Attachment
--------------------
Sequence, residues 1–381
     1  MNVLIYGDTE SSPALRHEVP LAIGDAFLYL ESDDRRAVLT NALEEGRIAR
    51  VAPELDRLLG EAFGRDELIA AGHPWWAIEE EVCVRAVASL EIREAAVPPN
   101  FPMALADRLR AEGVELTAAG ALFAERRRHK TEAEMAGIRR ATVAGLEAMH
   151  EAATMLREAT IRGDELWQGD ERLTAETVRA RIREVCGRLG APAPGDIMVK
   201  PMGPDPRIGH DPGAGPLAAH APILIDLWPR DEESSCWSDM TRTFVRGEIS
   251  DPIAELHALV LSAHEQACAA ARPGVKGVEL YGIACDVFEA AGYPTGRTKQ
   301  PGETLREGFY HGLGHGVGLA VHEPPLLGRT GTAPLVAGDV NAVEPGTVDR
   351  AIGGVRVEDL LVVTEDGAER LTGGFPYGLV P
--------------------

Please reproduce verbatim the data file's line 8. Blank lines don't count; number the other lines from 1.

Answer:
   301  PGETLREGFY HGLGHGVGLA VHEPPLLGRT GTAPLVAGDV NAVEPGTVDR